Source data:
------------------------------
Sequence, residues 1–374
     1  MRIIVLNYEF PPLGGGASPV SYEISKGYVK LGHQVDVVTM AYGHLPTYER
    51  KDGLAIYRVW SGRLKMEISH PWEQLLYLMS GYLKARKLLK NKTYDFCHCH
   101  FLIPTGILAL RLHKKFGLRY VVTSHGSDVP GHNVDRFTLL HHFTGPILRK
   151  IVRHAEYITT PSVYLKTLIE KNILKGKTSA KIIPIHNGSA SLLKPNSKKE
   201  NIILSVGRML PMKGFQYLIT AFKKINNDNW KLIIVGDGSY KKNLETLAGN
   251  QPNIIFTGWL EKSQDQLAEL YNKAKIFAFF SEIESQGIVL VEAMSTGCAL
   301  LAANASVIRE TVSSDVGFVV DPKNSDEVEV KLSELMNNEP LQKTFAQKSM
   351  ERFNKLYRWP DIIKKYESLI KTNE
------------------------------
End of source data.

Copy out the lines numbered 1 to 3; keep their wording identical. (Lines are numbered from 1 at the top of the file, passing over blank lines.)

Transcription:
Sequence, residues 1–374
     1  MRIIVLNYEF PPLGGGASPV SYEISKGYVK LGHQVDVVTM AYGHLPTYER
    51  KDGLAIYRVW SGRLKMEISH PWEQLLYLMS GYLKARKLLK NKTYDFCHCH